The Naked Truth
Do independent asset managers perform better than bank-run funds?
Lipper was recently approached to analyse the difference in performance between funds operated by broader financial services companies (banks and insurers) and those managed by ‘pure play’ asset managers.
This research came in the wake of comments made by Peter Hargreaves, founder of IFA Hargreaves Lansdown, who said in September that many funds in the UK run by banks were “seriously crap”.
With the temperature apparently rising, it might be a little foolhardy to enter such a debate. Yet objective analysis is surely where independent fund researchers can best provide a useful contribution. Besides, it might be gettin’ hot in here, but I for one will not be takin’ off my clothes.
For those wanting the details of my approach, please scroll to the foot of this article. For those with shorter attention spans, we can cut to the chase and reveal that for ‘pure players’, or what are sometimes called independent asset managers, the greatest proportion of funds were most commonly in the first and fifth quintiles (the worst and best relative performers), presenting a u-shaped curve for the distribution of these groups’ fund returns. This pattern was most pronounced for 3- and 5-year performance, while over 10 years the differentiation between quintiles is smaller.
Click here for the charts for UK-domiciled funds: http://r.reuters.com/ren77r
Turning to banks and insurers, an inverse pattern was more dominant with a smaller proportion of top and bottom performers (fifth and first quintiles) and a higher proportion of second to fourth quintile funds – an n-shaped curve. Encouragingly for banks and insurers, this pattern tended to flatten over time with a more even spread of funds in different quintiles over 10 years.
In other words, although proportionately more of pure play asset managers’ funds are among the best performers, proportionately more of their funds are also among the worst performers. And the reverse is true for broader financial services groups. Having said this, the distribution patterns are not perfect and variations emerge in different markets.
The findings are broadly similar within each market using consistent return or total return data, and between 3-year and 5-year performance, but 10-year performance does generally flatten the distribution patterns otherwise established. For both pure players and banks and insurers over this longer time period the proportion of funds are more evenly spread across performance quintiles.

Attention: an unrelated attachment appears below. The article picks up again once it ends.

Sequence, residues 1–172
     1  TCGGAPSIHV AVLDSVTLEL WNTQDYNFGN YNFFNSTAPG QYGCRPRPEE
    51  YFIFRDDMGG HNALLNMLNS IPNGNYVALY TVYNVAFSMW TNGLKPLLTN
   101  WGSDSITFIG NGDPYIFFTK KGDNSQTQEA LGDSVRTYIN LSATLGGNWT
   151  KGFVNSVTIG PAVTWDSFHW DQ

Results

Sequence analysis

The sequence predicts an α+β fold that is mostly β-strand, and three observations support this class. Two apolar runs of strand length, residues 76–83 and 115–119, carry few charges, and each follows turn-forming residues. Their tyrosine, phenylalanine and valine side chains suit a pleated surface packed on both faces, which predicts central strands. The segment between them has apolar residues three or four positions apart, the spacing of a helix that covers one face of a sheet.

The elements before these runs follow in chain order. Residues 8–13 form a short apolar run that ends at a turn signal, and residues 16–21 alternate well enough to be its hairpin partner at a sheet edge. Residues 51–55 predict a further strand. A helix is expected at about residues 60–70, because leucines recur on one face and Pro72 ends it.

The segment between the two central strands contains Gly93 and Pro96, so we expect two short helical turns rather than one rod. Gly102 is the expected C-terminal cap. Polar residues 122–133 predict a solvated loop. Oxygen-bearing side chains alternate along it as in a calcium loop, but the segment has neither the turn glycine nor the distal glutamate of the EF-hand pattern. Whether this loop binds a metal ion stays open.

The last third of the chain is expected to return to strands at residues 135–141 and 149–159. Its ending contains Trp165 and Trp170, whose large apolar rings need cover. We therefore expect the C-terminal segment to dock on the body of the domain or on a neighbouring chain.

While it would have been nice to have found a fundamental truth about investing, instead we have come up with some new insights as well as further questions. The fact that pure play asset managers have been able to get proportionately more of their funds among the best performers is clear, but this does not mean that they have been able to avoid poor performance.
As to the questions that arise, one that stands out is why pure play managers have a greater proportion of their funds among the best performers? While our research so far has not addressed this question, part of the answer may lie in the sort of culture that different organisations foster. An interesting example here is the bond specialist PIMCO, which is part of Allianz yet has clearly managed to preserve a distinct identity and approach. Meanwhile it will interesting to keep an eye on organisations such as BlueBay, bought by Royal Bank of Canada in December, and Thames River Capital, which became part of F&C in September. Thames River’s CEO had previously made much of his company’s boutique culture so it will be interesting to see how such developments evolve.
I can hardly be alone in assuming that anything that a new parent company does to threaten a culture that a boutique developed, and which became an integral part of its success, would be viewed dimly by fund investors. Partly as a result of this, in recent years we have seen the rise of companies promoting themselves as ‘multi-boutique’ operations.
So does Mr Hargreaves have a point? Interestingly, some of our findings are most pronounced when looking at the UK funds universe, but even then the research does highlight that both types of fund business always have a spread of funds, however uneven, in different performance quintiles. In other words, investors cannot afford to rule out funds managed by a fund company just on the basis of its ownership structure.
At the same time it’s worth bearing in mind that continental European industries tend to be far more dominated by banks than the IFA-led business that is such a distinguishing feature of the UK funds industry. In turn this has resulted in funds with established performance track records generating far greater inflows in the UK, proportionately, than is the case in many other European countries, where flows have traditionally been weighted to recent fund launches. This is another reason why distribution models are being looked at ever more closely by European regulators.
Finally a little more detail on the methodology. I decided to look at four different universes of funds, those registered for sale in France, Germany, Switzerland and the UK. In each universe I looked at a slightly different range of fund classifications to reflect local activity, but in each case these included equity, bond and mixed asset funds, as well as both developed and emerging investments. Performance data was prepared over 3, 5 and 10 years, with funds ranked by quintile, assessing both total returns and Lipper’s consistent return measure, which evaluates risk-adjusted performance.
((ed.Moisson@thomsonreuters.com; +44 (0) 20 7542 3218))